Is The Draft Really A Crapshoot? Not Exactly
All across the major leagues, there are stars who were drafted much lower than they should have been in hindsight.
Mike Trout wasn’t selected until the 25th pick in the 2009 draft. Mookie Betts wasn’t taken until the 172nd pick in the 2011 draft. Albert Pujols famously lasted until the 402nd overall pick in the 1999 draft.
Since the inaugural draft in 1965, there have been hundreds of mid-to-late round picks, and even undrafted players, who have gone on to more prolific careers than those selected before them.
This repeated outcome, naturally, has led to many characterizations of the draft as a “crapshoot.” To be fair, luck certainly plays an element in career outcomes, primarily with regard to injuries.
When looking at the full picture, however, that characterization doesn’t quite hold.
In advance of the 2022 draft, Baseball America examined the total Wins Above Replacement, as measured by Baseball-Reference, of every player selected at each of the top 200 picks from 1965-2020. To avoid double-counting players who were drafted multiple times, only players who signed are counted in each pick’s career WAR total.
Two notable themes emerged.
First, teams historically have an excellent track record of correctly identifying the top three players in each draft and selecting them in order. Teams also have a strong track record of correctly identifying and selecting the top seven players in a draft within the top 10 picks.
Outside of the top 10 picks, however, outcomes become extremely varied. For example, players picked No. 22 overall have a higher career WAR than those picked Nos. 11-20. Players picked No. 74 overall have delivered roughly equivalent production as those drafted No. 29. Players drafted with the 109th pick have exceeded the careers of those drafted at the Nos. 21 and 24 picks, selections traditionally made in the first round. Players drafted No. 200 overall have yielded a higher career WAR than more than half of the selections made in front of them.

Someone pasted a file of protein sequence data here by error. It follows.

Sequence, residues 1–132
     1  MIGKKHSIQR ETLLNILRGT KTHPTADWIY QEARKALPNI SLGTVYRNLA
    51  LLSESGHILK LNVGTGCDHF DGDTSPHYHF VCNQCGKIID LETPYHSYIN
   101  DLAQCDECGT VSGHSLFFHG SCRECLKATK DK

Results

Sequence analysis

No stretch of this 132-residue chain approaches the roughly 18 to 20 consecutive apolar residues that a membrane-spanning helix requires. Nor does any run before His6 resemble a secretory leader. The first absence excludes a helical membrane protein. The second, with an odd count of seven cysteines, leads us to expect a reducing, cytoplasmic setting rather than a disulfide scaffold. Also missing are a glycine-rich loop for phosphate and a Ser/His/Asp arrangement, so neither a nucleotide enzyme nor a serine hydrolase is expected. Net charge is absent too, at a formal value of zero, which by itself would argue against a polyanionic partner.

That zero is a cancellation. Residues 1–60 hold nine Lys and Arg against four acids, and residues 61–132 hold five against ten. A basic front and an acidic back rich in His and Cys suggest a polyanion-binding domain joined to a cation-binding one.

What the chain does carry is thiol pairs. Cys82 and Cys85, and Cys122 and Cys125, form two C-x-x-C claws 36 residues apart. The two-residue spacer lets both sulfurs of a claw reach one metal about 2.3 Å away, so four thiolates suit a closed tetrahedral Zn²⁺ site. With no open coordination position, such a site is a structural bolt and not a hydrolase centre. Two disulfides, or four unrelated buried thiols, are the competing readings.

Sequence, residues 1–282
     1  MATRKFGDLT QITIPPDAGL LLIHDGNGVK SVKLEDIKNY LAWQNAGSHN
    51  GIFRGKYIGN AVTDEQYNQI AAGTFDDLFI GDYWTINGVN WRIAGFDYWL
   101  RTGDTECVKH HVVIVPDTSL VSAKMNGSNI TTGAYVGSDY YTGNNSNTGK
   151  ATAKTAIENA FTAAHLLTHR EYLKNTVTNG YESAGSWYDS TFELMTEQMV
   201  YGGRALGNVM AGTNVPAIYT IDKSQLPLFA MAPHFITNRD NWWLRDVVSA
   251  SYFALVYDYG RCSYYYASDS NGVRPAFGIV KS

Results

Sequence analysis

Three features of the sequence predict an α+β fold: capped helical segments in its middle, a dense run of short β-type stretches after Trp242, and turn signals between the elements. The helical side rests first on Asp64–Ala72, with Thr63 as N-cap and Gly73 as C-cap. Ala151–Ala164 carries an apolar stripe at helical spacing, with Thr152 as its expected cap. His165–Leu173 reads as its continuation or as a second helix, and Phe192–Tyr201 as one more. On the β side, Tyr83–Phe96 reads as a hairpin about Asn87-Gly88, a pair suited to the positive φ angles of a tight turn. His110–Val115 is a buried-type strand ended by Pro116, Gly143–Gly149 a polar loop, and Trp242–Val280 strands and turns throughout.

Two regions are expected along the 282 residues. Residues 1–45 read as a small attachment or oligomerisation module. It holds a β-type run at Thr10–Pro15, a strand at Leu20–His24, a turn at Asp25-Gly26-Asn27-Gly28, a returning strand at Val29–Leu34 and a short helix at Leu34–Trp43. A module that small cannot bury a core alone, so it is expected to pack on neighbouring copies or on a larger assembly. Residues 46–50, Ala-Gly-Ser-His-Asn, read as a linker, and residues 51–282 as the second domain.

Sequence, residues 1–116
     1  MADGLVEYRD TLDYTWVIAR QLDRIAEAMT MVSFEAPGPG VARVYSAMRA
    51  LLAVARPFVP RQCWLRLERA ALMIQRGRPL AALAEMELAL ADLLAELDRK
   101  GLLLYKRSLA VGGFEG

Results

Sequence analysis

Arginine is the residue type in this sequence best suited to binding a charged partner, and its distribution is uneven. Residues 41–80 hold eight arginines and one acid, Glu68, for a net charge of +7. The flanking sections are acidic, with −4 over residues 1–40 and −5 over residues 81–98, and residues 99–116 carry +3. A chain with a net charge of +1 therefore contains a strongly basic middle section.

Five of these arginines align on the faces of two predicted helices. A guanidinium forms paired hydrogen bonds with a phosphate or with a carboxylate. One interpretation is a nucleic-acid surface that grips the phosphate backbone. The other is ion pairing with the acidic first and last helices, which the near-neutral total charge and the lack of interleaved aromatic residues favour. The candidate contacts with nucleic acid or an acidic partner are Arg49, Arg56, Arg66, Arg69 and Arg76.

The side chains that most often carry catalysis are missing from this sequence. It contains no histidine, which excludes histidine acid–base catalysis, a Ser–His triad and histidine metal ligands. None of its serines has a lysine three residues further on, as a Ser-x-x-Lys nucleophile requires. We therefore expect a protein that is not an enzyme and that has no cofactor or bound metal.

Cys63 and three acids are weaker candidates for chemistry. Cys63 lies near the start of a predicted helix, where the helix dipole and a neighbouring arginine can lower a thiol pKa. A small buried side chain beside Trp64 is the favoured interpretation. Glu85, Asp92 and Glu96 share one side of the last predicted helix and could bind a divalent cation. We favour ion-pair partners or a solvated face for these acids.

In the opinion of longtime scouting directors and front office officials, it’s not necessarily that the draft is a crapshoot once you get past the top 10 picks. It’s that after the top tier of talent in a draft class, the margins between the remaining players are often much thinner than perceived.
“Whether it’s three or five or seven just elite, talented kids every year, they’re almost hard not to take or screw up,” one National League scouting director said. “And then after that, the margins are way smaller. Besides the benefit of just picking first of that same kind of group of players, which is a benefit, there probably is no benefit in talent overall (picking) from 10 to 30.”
It is particularly notable how much the players selected at the top of the draft have historically exceeded their peers. Players drafted first overall have produced 1083 career WAR, more than 400 career WAR more than players drafted at any other pick. Players drafted No. 2 (681.2) and No. 3 (630.6) are the only other selections to have accumulated more than 600 career WAR. The only five draft positions to produce at least 500 WAR come in the top six picks.